Employment, Workplace Rules, Benefits and Governmental Notices
Family and Medical Leave Act (FMLA), Compliance With
Policy StatementThe University and its employees have all of the rights and responsibilities established by the Family and Medical Leave Act (FMLA) to the extent provided by law. Amended in 2008, the FMLA provides eligible employees with two types of leave: (1) the basic 12-week leave entitlements (Basic FMLA Leave); and (2) the military family leave entitlements (Military Family Leave).
Employees are eligible for FMLA leave is they have been employed by the University for twelve (12) months and have worked 1,250 hours or more during the twelve-month period immediately preceding the leave.
Basic FMLA Leave
The FMLA provides that an eligible employee is entitled to take up to a total of twelve (12) work weeks of leave during a twelve-month period for one or more of the following reasons:
For purposes of Basic FMLA Leave, "son" or "daughter" means a biological, adopted or foster child, a stepchild, a legal ward, or a child of a person standing in loco parentis, who is either under age 18, or age 18 or older and incapable of self-care because of a physical or mental disability.
Serious Health Condition
A serious health condition is an illness, injury or condition that requires "inpatient care" that involves an overnight stay in a medical care facility or "continuing treatment" by a health care provider for a condition that prevents the employee from performing the functions of the employee's job, or prevents the eligible parent, son or daughter from participating in school or other daily activities.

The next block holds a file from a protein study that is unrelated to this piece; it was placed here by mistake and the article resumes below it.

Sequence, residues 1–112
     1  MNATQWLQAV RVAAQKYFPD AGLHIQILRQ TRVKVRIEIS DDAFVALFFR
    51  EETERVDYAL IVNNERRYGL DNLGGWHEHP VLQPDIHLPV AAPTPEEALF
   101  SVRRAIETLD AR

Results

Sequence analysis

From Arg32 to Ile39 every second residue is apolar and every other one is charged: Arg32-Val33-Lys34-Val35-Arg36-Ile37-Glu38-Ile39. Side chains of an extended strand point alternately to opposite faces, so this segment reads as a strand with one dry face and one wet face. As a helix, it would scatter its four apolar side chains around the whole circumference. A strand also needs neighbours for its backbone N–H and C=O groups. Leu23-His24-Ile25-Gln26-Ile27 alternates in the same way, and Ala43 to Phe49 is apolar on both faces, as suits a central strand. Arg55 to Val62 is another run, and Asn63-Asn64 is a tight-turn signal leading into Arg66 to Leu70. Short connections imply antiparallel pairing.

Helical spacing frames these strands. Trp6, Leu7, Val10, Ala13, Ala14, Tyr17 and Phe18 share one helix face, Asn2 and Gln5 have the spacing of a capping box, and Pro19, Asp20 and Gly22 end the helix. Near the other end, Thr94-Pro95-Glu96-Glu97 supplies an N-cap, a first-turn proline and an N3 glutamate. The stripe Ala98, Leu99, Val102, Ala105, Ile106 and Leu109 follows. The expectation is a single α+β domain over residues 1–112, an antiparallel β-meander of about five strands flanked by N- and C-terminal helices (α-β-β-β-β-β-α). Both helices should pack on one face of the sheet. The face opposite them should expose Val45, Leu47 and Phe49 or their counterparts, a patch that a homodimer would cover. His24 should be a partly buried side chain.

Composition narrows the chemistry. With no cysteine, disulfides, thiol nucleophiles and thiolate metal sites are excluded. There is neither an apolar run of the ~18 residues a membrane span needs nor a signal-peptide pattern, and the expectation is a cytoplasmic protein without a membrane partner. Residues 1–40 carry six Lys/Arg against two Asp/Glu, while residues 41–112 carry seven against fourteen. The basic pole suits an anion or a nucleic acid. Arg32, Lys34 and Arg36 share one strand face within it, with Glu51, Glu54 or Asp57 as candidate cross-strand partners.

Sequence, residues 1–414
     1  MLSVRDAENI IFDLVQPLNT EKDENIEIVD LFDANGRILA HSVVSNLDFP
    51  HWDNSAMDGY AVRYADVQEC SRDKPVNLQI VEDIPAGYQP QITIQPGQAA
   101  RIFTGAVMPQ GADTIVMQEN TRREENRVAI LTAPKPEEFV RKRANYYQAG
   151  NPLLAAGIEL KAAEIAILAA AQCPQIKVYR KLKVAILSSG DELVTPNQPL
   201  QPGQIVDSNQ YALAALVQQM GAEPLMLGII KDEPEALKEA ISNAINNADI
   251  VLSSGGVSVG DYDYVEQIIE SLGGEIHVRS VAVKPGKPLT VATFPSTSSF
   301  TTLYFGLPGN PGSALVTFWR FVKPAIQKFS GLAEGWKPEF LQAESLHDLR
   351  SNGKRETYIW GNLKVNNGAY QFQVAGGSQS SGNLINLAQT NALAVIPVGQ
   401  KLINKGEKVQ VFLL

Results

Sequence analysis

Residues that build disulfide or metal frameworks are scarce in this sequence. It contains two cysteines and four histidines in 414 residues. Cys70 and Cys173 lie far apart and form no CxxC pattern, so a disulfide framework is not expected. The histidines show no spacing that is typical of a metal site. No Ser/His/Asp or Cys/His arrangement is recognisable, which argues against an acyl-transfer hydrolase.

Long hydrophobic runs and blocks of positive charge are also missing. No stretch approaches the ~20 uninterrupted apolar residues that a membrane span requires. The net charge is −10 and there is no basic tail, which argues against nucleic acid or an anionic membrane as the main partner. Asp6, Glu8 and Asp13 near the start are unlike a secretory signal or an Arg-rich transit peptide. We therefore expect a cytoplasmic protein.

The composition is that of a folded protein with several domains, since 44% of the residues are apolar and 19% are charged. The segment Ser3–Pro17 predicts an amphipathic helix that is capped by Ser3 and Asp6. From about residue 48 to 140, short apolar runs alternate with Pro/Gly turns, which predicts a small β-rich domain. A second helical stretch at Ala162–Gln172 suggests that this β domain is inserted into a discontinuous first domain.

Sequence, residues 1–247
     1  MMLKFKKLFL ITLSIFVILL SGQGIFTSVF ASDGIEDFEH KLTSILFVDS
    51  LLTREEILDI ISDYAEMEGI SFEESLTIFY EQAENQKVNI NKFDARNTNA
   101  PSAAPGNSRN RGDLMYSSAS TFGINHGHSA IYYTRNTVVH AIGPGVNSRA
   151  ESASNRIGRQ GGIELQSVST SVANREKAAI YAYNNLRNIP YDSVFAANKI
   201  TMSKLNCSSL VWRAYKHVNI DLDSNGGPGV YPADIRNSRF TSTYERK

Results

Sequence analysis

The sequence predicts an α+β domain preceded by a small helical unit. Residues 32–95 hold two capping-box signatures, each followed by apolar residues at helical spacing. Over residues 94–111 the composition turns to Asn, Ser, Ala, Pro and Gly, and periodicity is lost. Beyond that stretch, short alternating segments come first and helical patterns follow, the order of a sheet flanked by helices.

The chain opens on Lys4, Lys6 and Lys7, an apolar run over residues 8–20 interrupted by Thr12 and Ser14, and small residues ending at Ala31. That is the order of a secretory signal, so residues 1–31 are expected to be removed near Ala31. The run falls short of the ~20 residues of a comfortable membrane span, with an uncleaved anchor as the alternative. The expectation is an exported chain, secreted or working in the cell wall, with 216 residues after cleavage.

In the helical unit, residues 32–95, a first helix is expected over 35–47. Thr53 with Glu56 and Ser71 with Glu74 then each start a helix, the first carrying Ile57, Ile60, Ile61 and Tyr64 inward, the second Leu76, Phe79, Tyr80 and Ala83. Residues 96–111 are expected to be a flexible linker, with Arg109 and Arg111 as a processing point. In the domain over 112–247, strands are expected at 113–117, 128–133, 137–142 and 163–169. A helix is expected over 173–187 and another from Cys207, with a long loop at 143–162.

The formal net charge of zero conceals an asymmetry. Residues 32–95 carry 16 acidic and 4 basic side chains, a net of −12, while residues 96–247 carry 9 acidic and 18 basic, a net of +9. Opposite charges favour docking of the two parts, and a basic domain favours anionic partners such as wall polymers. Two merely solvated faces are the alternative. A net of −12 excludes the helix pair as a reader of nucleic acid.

"Continuing treatment" is established in several ways, including: a period of incapacity of 3 or more consecutive calendar days plus two visits to a health care provider or one visit and a regiment of continuing treatment; incapacity due to pregnancy; or incapacity due to a chronic health condition. Other circumstances may also qualify for continuing treatment needed to establish a serious health condition.
The Basic FMLA Leave related to the serious health condition of an employee or a family member may be scheduled on an intermittent or reduced schedule basis when medically necessary (e.g., to receive recurring physical therapy or chemotherapy treatment). However, an employee taking foreseeable leave on an intermittent or reduced-schedule basis for planned medical treatment may be temporarily assigned to another position with equivalent pay and benefits that better accommodates the leave.
In the case of Basic FMLA Leave related to the serious health condition of the employee or a family member, the employee must make a reasonable effort to schedule planned medical treatments so as not to unduly disrupt the operation of the University and, if possible, must request a leave for planned medical treatments at least 30 days in advance. When 30 days notice is not possible, the employee must give notice as soon as practicable within 1 or 2 business days of learning of the need for leave, except in extraordinary circumstances. Failure to provide such notice may be grounds for delaying the start of FMLA leave or denying the request for leave. Employees may be asked to provide medical certification of the serious health condition requiring the Basic FMLA Leave.
In general, FMLA leaves are unpaid, unless otherwise stated in this Policy. When leave is taken because of the serious health condition of the employee or a family member. the employee must (except as may otherwise be required by applicable law):
In the case of FMLA Leave related to care of a newborn or child placed with an employee for adoption or foster care, the employee must make the leave request at least 30 days in advance, or as close to 30 days as possible. If both parents work at the University. they are entitled to a combined total of 12 weeks leave in the twelve-month period immediately following the birth or placement of the child.
When FMLA Leave is taken to care for a newborn or child placed with a staff employee for adoption or foster care, the staff employee must use any accrued paid vacation benefit time to which he or she is otherwise entitled as part of the leave, i.e., must use up allowable paid and unpaid leave days concurrently.